A lot of video games came out in 2022. If you are like me, then you probably did your best to play all of them. But it’s likely a few fell through the cracks or you started them only to have those games fall off for one reason or another.
With 2022 coming to a close, there is no better time than now to go pick up some of these games you missed out on and give them a shot, or to open up that old save file and start working your way back through it. This isn’t a definitive best of list or anything like that, just a handful of games that we think everyone should go back and give a second look.
Kirby and the Forgotten Land – Nintendo Switch
Many people played Kirby and the Forgotten Land this year. We can understand why. Not only was it a new Kirby game, but it was Kirby’s first true adventure in the world of 3D. Fans had been asking for this ever since his 2.5D adventure on the Nintendo 64, and this was finally the moment it had been delivered. How were the results? Pretty spectacular! It felt exactly like a Kirby game should with the pink puff ball going on a linear adventure. There wasn’t too much of a challenge, but there was a ton of depth for the players who wanted to master it.
So, why is it on here? It’s because of how deep the adventure goes. Kirby and the Forgotten Land, like every other game in the franchise, isn’t too hard. Getting to the end and meeting the minimum requirements to reach the credits of the game is something that pretty much anyone can accomplish. However, if you want to really see what Kirby and the Forgotten Land has to offer then you need to go find every Waddle Dee, play every bonus level, and do your best to 100 percent the game. It is worth every hour you will put into it and might even push it up a few levels on your personal top 10 for the year.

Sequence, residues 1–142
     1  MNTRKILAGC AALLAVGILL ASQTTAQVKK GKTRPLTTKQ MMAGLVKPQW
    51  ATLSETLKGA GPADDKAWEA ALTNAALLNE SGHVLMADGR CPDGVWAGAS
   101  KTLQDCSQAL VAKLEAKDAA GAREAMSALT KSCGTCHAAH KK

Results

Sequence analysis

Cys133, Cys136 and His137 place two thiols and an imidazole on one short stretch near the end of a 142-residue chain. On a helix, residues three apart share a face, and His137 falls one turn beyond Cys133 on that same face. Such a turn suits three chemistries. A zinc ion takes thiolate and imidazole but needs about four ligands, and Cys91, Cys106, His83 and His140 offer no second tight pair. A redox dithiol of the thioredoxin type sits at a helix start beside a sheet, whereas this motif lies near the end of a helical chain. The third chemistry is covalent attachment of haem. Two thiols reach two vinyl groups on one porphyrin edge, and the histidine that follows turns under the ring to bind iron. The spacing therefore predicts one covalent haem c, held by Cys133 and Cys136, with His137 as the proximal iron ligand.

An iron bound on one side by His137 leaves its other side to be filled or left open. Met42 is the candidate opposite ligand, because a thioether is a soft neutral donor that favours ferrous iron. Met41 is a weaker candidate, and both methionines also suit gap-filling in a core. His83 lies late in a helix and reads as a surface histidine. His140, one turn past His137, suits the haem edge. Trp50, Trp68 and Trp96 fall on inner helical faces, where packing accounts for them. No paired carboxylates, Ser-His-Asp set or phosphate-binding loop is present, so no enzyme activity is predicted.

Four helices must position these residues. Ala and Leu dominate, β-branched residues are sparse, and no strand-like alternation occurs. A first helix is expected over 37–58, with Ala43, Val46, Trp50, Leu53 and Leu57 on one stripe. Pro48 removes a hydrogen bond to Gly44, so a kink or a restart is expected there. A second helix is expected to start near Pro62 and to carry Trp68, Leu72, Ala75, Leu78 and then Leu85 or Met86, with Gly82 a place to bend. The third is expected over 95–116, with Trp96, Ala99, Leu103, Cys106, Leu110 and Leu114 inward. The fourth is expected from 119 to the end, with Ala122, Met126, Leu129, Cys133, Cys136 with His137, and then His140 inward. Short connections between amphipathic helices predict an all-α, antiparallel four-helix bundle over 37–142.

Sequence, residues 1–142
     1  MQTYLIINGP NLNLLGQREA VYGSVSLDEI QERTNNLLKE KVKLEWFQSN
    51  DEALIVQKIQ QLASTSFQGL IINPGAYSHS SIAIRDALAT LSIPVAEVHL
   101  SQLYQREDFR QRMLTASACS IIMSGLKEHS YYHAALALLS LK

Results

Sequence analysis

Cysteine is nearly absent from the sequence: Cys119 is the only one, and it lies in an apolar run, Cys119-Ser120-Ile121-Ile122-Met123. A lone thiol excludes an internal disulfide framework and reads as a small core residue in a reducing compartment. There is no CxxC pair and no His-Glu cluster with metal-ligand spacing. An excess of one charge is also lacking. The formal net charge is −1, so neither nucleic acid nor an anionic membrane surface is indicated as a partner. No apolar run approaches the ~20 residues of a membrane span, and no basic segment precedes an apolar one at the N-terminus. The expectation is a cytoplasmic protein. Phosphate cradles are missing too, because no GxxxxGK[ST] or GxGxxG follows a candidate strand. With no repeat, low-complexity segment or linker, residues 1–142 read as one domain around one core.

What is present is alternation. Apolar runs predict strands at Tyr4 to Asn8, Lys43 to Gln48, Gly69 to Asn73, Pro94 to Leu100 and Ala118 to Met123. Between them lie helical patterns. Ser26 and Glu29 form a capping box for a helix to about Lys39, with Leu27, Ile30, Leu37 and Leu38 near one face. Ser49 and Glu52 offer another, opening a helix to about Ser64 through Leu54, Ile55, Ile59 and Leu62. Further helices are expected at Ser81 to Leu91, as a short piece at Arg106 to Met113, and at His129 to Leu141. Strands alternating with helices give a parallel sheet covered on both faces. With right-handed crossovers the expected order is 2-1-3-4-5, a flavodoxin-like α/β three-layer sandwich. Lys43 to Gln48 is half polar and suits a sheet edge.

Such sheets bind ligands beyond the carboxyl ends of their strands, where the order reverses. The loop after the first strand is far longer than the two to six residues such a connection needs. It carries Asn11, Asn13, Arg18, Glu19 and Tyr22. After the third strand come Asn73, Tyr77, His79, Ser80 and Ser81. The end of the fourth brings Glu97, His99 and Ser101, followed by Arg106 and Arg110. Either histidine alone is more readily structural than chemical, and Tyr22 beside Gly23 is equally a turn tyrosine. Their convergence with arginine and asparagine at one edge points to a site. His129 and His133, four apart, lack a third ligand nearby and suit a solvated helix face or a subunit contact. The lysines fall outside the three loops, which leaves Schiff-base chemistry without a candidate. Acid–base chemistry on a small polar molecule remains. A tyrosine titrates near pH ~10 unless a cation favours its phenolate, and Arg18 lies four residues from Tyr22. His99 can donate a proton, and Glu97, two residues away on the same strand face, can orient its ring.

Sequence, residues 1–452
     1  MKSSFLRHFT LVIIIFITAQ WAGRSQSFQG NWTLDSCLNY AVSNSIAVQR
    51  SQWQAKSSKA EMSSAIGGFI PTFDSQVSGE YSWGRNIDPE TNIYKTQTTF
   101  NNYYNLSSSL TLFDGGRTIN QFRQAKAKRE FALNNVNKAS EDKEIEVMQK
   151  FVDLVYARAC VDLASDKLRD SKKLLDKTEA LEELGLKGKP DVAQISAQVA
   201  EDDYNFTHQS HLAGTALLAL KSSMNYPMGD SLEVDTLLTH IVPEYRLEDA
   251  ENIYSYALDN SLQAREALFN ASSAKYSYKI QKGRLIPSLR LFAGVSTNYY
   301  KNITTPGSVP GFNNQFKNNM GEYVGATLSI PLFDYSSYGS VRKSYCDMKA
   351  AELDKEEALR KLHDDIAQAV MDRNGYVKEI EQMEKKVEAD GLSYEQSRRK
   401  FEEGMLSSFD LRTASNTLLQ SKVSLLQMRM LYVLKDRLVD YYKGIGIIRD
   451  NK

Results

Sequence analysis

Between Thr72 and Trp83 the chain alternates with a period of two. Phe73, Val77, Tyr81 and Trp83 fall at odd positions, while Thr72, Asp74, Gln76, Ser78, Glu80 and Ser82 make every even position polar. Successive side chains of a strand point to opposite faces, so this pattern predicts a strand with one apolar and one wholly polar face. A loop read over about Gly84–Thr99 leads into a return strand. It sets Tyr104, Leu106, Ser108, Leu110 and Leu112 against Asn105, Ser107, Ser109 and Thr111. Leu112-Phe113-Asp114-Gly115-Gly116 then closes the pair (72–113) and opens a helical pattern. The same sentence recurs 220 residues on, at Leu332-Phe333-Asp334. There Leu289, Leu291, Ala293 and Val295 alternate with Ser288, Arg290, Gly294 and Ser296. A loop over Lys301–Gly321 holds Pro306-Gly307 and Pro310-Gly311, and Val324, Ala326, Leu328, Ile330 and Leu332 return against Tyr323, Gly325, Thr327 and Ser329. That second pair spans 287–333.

Pokémon Legends: Arceus – Nintendo Switch
Did you even remember this game came out this year? Pokémon Legends: Arceus did something that a lot of long time Pokémon fans had basically assumed was never going to happen: It not only gave them, at the time, the closest thing they’d ever had to an open world Pokémon game, but its emphasis on exploration and catching Pokémon instead of the traditional gym challenge was a fresh new take on the series that was very much needed. It might be a spin-off, but it’s a spin-off that achieved so much that the main games wouldn’t even dare to attempt.
It also was a really dense game. Plenty of people did reach the credits on this, but others got their fill from the game’s first half. It was so easy to get lost for hours roaming the world, catching Pokémon, and getting into battles. Whatever plot the game had was forced to take a backseat in favor of just goofing off. If you are one of those people, then it might be time to go back into the world of Hisui and see what more you can find.
Tunic – PlayStation 4, PlayStation 5, Xbox One, Xbox Series X/S, Switch, PC
We have written extensively about how great Tunic is. It’s one of the best games to come out in years and its focus on puzzle solving and discovery keeps the player on their toes in a way that is familiar to the games it is inspired by, but also unique enough to feel like its own original game. It also, unfortunately, came out during the two month period where Elden Ring owned the entirety of video games.